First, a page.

In mathematics, the concepts of essential infimum and essential supremum are related to the notions of infimum and supremum, but adapted to measure theory and functional analysis, where one often deals with statements that are not valid for ''all'' elements in a set, but rather ''almost everywhere'', i.e., except on a set of measure zero. While the exact definition is not immediately straightforward, intuitively the essential supremum of a function is the smallest value that is greater than or equal to the function values everywhere while ignoring what the function does at a set of points of measure zero. For example, if one takes the function f(x) that is equal to zero everywhere except at x=0 where f(0)=1, then the supremum of the function equals one. However, its essential supremum is zero because we are allowed to ignore what the function does at the single point where f is peculiar. The essential infimum is defined in a similar way. Definition As is often the case in m ... [...More Info...] [...Related Items...] OR: [Wikipedia] [Google] [Baidu]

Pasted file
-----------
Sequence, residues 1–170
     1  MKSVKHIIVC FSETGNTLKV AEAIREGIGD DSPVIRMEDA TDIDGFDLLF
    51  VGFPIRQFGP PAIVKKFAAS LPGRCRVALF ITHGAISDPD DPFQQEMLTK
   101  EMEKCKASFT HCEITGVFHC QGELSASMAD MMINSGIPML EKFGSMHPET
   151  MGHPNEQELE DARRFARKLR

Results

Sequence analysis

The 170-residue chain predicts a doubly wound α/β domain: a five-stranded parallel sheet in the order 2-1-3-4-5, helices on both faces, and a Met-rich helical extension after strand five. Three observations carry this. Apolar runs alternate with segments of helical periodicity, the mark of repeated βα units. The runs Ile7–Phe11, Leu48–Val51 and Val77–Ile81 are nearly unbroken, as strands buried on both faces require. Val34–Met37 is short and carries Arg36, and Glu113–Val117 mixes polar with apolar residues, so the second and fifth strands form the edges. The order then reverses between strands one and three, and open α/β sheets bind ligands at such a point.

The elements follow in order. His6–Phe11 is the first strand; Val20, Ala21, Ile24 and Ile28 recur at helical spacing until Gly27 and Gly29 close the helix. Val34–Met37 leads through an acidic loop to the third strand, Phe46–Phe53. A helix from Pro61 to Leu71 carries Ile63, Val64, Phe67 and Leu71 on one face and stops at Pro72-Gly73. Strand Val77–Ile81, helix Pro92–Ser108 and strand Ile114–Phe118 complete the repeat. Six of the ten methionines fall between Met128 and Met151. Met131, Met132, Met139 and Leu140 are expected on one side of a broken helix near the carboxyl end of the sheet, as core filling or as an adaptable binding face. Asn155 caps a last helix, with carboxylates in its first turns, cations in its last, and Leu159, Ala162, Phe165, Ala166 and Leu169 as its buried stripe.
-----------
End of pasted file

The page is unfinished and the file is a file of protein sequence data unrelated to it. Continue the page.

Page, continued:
Lexicographical Order